The cover promises me “You’ll laugh out loud and squirm and wince”… Well, I certainly squirmed and winced at the terrible ‘literary style’ of writing and irritating protagonist. Then it tells me “You sure won’t put it down”. Well, I did, and I felt such revulsion when I discovered it back on my reading shelf that I had to review it immediately to get it OUT.

I’ve tagged this under teenage, because the protagonist is teenager, but honestly I can’t think of a teenager who would be interested in reading it. The 19 year old who is currently perusing my bookshelves put it down in disgust as well, just from the blurb!

Don’t waste your money or your time. Resist its brilliant red cover and run for the hills. Choose anything else to read rather than this. 1 star.

Allen & Unwin | 1st August 2018 | AU$29.99 | paperback

Review: Robert Muchamore – Killer T

Killer T
Robert Muchamore

Harry and Charlie might as well come from different sides of the world. Harry’s a displaced well-off European in the USA while Charlie’s a rock bottom USA native with a history of blowing things up. Harry has a fascination with the Media his whole life, and in Charlie he sees an opportunity to get a fabulous story…

Charlie and Harry form a symbiosis of true love that has to stand the test of time and misunderstandings. Harry’s persistence and Charlie’s brilliance make the novel gritty rather than touching, and actually make you feel like you are experiencing life with them. What more could I ask from a novel?

This is what the future will be! I have little faith in people to do the right things, and the idea of a world where different flu viruses threaten the population every day is exciting. I don’t have a problem with population control, but viruses that pick off the young aren’t really the right way to go about it. This novel was the one I wanted NK3 to be, and takes The Ego Cluster that one step further.

I actually enjoyed the jumps forward in time and alternative perspectives. It enabled Machamore to cram more into the novel and leave it as a standalone. Yay, a standalone novel that for once actually still provided a concrete conclusion and didn’t leave me thinking that the author wanted another book deal.

My finace was completely put off by the cover of my ARC copy, but I reassured her that the inside was far more exciting! I had difficulty predicting what would come next, and that’s what I need in a novel at the moment. I’m giving this novel 4 stars. I don’t think there is enough depth for me to reread, but I couldn’t put it down.

Allen & Unwin | 29th August 2018 | AU$19.99 | paperback

Review: Hayley Lawrence – Inside the Tiger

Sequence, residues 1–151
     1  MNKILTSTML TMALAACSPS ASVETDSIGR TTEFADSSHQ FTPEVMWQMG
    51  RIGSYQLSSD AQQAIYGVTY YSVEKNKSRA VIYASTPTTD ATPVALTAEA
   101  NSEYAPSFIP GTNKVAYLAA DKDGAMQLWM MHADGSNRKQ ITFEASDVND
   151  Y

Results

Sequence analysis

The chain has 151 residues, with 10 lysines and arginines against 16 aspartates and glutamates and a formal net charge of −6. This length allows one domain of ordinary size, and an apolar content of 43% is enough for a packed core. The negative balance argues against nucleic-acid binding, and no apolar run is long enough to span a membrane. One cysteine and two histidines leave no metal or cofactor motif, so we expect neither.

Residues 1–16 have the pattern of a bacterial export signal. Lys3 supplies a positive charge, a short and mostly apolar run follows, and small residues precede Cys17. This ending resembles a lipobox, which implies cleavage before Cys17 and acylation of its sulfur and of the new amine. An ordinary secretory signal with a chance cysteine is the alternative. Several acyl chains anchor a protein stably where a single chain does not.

Inside the Tiger
Hayley Lawrence

Bel needs a social cause to support for a project at school. Rather than following in her father’s footsteps to promote harsher penalties for murderers, she chooses to write to a prisoner in the notorious Thailand ‘Tiger’ prison. Little does she know that she’s going to get in deeper than she imagined…

Bel is a likeable character, but it does feel a bit like ‘insta-love’. She falls really quickly for a boy she knows nothing about. I find it noble that she doesn’t care what Micah has done, but at the same time – wake up! Your own life should have tipped you off that nothing is what it seems.

I could have had more opinions from characters other than Bel. Bel seems to feel so sorry for herself all the time because she has a single parent who is busy all the time. I’m sorry, you have some really great friends and you’ve had this Christmas every year! Although Bel learns to speak up for what she wants, in the end she’s a pushover who somehow connives people into doing what she wants.

The ending is just as it should be. Good work Lawrence – it might not have been the ending we wanted, but it was the one we needed (I can’t remember what that’s from, but it’s a cliche sort of morning. It’s nice not to have a sugar coated ending.

I’m giving this 3 stars. I can’t say I was enthralled by it, but it wasn’t a bad read. It provides an interesting teenage insight into one of the toughest prisons in the world, with the most antiquated penalties.

Penguin Random House | 3rd September 2018 | AU$19.99 | paperback

Review: Margot McGovern – Neverland

Neverland
Margot McGovern

Kit has almost killed herself in her efforts to get home to Neverland, the place of her childhood storytelling.ย She’s forced herself to forget the night her parents died in the hopes of maintaining her childhood fantasies. Her psychiatrist uncle is determined to help her heal, but is Kit too stubborn for her own good?

I actually never fell for the protagonist of this novel. I thought she was a selfish b**** that never thought for anyone but herself. In fact, I felt like she undermined their healing, and that was just cruel. I also didn’t in the least appreciate the interspersion of the ‘fairytales’ throughout an ok real action novel.

Burying the past is never a good idea. I loved the symbolism of Kit taking her love interest to the centre of the island and likened it to a bookaholic handing their favourite novel to a potential partner and getting them to read it. However, this also made her easier to manipulate, and in the end I hated her.

I didn’t agree with the premise of Neverland – who ever thought of putting a psychiatric hospital for teenagers on a freaking island? I could imagine that the isolation and fresh environment could be healthy, but I also know that it probably wasn’t all that positive that people COULD JUST LEAP OFF A CLIFF!